Pheasant hunting season begins Saturday, but the number of available birds on public hunting grounds has been reduced by the coronavirus pandemic. DNR statistics indicate upland game hunters harvested 291,400 pheasants last year, with 40,831 hunters participating.

Pheasant season opens Saturday across Wisconsin, with COVID-19 a major consideration in hunter success this year.

The disease forced spring birds surveys to gauge over-winter survival to be canceled. Fallout from the pandemic also curtailed pheasant raising efforts at the Poynette game farm, dropping pheasant release numbers from 70,000 ringnecks down to about 50,000 this year.

“Essentially we’re looking at 2013 numbers for pheasant release,” DNR wildlife biologist Jason Cotter said.

“Over-winter habitat conditions weren’t that severe, but indicators on how the wild bird population fared are limited due to COVID-19,” he said.

“This means the number of birds released on public hunting grounds statewide will be down about 800 birds per property between now and the final release before the traditional firearm deer season just before Thanksgiving.”

Cotter said juggling bird numbers between popular and lesser used PHGs will minimize impact on overall hunter success on the Poynette birds, which represent a substantial number of ringnecks harvested in Wisconsin’s “pheasant belt” of Dane, Green and Rock counties.

Corn harvest has a major impact on hunter success, especially for those chasing birds on private lands. Wisconsin corn harvest overall is at 12%, which is considerably better than the 2% level hunters had to contend with during last year’s opening weekend, but slightly below the 15% statewide average.

DNR statistics indicate upland game hunters harvested 291,400 pheasants last year, with 40,831 hunters participating. If heavy recreational boat traffic this past summer—due to impact on other sports because of coronavirus—is any indication of hunter participation this year, you certainly won’t be alone on the Evansville-Footville PHG tomorrow.

Due to a longstanding tradition of celebrating opening day, daily bag limit on roosters is one bird through opening weekend, with two birds allowed daily after that. The possession limit is three times the daily limit.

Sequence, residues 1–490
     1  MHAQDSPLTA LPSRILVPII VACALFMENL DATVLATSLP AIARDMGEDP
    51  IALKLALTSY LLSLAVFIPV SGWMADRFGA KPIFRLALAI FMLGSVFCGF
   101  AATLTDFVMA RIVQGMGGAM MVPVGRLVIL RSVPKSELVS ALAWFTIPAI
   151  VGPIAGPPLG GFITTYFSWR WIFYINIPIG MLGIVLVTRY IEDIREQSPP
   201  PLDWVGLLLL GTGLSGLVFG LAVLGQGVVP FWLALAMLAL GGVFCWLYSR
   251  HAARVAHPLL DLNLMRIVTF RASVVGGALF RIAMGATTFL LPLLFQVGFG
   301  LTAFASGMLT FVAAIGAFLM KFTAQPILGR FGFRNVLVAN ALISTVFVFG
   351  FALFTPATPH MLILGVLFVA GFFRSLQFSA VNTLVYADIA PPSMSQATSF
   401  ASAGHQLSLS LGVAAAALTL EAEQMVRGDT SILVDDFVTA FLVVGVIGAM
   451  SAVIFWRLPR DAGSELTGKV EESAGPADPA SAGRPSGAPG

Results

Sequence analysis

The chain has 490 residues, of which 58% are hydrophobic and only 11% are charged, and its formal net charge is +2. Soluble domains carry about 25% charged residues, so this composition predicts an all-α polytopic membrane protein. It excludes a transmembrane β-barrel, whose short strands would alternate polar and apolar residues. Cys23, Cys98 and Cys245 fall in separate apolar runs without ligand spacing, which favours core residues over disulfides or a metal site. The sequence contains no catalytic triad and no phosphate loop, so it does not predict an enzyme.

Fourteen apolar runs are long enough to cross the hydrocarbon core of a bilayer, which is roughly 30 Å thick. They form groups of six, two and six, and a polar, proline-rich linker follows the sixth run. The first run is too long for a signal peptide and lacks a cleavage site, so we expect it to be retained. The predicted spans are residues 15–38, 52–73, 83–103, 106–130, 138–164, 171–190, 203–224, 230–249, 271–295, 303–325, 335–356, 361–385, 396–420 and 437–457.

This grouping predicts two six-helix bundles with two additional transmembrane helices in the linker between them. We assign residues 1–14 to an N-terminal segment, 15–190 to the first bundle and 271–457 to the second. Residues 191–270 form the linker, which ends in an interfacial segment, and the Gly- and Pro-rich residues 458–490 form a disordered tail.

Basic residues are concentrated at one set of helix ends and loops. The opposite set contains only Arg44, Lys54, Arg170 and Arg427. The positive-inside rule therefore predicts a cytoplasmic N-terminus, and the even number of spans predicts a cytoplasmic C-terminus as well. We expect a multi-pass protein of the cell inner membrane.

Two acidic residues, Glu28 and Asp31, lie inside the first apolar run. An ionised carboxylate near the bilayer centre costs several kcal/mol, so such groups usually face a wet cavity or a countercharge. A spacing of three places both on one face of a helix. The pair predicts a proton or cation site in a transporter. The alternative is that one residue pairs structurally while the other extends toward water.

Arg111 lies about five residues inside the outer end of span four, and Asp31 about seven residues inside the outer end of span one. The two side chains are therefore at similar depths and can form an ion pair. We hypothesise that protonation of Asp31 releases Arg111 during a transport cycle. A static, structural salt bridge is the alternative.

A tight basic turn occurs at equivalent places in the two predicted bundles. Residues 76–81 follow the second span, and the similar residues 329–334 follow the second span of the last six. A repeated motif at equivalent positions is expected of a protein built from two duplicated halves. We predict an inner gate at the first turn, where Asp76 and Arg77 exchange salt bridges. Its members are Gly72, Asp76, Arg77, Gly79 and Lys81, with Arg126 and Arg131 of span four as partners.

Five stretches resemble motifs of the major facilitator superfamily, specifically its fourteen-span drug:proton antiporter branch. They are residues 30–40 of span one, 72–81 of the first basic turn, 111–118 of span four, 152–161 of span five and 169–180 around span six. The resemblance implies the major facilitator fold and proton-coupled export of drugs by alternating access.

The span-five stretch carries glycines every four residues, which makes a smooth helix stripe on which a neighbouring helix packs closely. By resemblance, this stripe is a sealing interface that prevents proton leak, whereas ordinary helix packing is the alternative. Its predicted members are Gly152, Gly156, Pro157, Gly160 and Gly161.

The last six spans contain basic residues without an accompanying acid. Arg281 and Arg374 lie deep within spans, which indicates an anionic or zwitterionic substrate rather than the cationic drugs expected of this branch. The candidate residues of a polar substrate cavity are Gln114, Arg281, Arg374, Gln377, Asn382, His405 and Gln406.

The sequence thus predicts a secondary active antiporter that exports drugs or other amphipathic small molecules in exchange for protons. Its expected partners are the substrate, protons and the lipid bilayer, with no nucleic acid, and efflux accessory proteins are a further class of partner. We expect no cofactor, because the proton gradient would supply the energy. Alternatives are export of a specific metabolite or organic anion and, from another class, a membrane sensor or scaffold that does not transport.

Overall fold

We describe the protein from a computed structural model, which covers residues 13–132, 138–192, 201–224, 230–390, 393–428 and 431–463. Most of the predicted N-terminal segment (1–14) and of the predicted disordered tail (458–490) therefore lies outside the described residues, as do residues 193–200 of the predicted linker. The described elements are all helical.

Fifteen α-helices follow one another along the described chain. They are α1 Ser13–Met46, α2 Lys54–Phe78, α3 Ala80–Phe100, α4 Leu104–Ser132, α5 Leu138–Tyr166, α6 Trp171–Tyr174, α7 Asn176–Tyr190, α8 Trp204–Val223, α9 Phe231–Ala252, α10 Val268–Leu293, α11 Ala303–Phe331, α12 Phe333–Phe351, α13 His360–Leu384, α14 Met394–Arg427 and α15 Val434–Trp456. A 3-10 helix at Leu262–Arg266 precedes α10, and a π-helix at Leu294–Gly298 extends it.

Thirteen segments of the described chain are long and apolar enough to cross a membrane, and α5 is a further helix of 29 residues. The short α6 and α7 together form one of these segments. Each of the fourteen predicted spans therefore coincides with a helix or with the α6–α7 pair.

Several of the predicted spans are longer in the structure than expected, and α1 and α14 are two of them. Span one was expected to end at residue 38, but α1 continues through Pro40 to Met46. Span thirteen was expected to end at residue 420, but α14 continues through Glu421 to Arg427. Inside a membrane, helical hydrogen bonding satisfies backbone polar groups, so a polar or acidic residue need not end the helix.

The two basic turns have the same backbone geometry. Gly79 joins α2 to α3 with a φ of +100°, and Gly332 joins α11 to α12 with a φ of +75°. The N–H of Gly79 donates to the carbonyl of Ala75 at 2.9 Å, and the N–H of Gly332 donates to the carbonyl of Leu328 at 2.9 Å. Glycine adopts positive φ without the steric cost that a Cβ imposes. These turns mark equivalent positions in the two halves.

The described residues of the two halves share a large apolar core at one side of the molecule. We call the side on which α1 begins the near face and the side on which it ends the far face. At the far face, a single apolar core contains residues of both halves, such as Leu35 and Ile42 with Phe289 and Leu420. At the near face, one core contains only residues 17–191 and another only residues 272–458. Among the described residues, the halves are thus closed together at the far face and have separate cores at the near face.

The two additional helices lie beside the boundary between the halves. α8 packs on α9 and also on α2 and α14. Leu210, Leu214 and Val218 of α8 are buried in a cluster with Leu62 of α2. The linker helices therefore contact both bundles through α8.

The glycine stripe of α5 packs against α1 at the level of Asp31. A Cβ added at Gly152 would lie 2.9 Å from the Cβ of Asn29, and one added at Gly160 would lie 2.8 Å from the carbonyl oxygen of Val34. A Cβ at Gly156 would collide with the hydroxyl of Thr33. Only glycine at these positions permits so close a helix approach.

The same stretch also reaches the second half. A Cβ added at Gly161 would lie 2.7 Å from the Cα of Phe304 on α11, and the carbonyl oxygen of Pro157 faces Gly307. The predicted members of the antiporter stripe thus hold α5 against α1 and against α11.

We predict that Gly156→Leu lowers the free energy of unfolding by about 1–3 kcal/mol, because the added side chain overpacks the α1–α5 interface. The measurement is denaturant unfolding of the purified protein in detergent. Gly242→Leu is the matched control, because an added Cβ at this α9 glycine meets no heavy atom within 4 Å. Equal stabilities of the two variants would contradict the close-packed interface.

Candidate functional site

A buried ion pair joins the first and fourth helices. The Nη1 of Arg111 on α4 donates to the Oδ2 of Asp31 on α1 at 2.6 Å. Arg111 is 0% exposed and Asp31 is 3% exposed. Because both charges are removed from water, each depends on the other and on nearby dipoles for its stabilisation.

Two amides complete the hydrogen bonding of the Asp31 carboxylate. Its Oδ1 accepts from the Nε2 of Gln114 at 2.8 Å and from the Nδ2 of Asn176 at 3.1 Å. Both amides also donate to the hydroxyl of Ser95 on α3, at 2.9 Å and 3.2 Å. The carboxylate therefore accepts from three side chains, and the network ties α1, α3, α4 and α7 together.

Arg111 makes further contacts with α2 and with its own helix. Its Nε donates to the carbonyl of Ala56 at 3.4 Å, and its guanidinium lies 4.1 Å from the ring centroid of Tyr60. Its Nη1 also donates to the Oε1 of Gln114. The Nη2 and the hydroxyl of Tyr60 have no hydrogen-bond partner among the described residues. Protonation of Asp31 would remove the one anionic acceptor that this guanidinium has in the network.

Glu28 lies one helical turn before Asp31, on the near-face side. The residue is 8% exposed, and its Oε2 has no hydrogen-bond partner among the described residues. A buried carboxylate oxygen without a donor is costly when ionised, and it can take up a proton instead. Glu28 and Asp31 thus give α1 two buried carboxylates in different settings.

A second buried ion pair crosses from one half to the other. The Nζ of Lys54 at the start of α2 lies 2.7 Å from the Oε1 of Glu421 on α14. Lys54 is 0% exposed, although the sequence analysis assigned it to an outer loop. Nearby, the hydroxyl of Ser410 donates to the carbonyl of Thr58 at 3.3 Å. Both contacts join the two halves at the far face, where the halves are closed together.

According to Cotter, both the PHGs and Poynette game farm birds are in “excellent shape” as hunters get ready for the opener, which kicks off at 9 a.m. Saturday.

For those who want to enjoy the outdoors but avoid crowds, social distancing by boat is a terrific option. Water temperatures across southern Wisconsin are generally hovering in the upper 50s ahead of fall turnover.

Other notes

  • Bass fishing is on fire on the Madison chain, which has also been producing muskies at or above 50 inches, in the “fish of a lifetime” range. With Canada still closed and northern lakes going through fall turnover, a No. 5 Mepps Giant Killer bucktail with purple hair is the perpetual favorite for hooking up with a substantial toother on the Mad-city lakes.
  • Smallmouth bass fishing here on the Rock River is overlooked, with those chasing smalljaws as tight-lipped as the bronzebacks they are chasing. The general response from the few folks cashing in on this bonanza is, “There is no good smallmouth bass fishing in Rock River to speak of.”
  • Southern Wisconsin woodlands are at peak fall color right now, just one stiff breeze away from the realization that bare limbs mean winter is right around the corner.
  • A substantial number of mourning doves has moved into the area over the past several days, providing a solid option for shotgunners who don’t want to fight weekend warriors in pursuit of multi-colored birds.
  • When the inevitable northwest wind begins to howl, it will be much easier for bowhunters to see deer sneaking through the woods. Peak rut is only about three weeks away, as is the presidential election.

Those who refuse to indulge in football this weekend have many outdoor options beyond raking leaves this time of year. Raking leaves is a lot like Christmas lights under the eaves: Let it be.

Ted Peck, a certified Merchant Marine captain, is an outdoors columnist for The Gazette. Email him at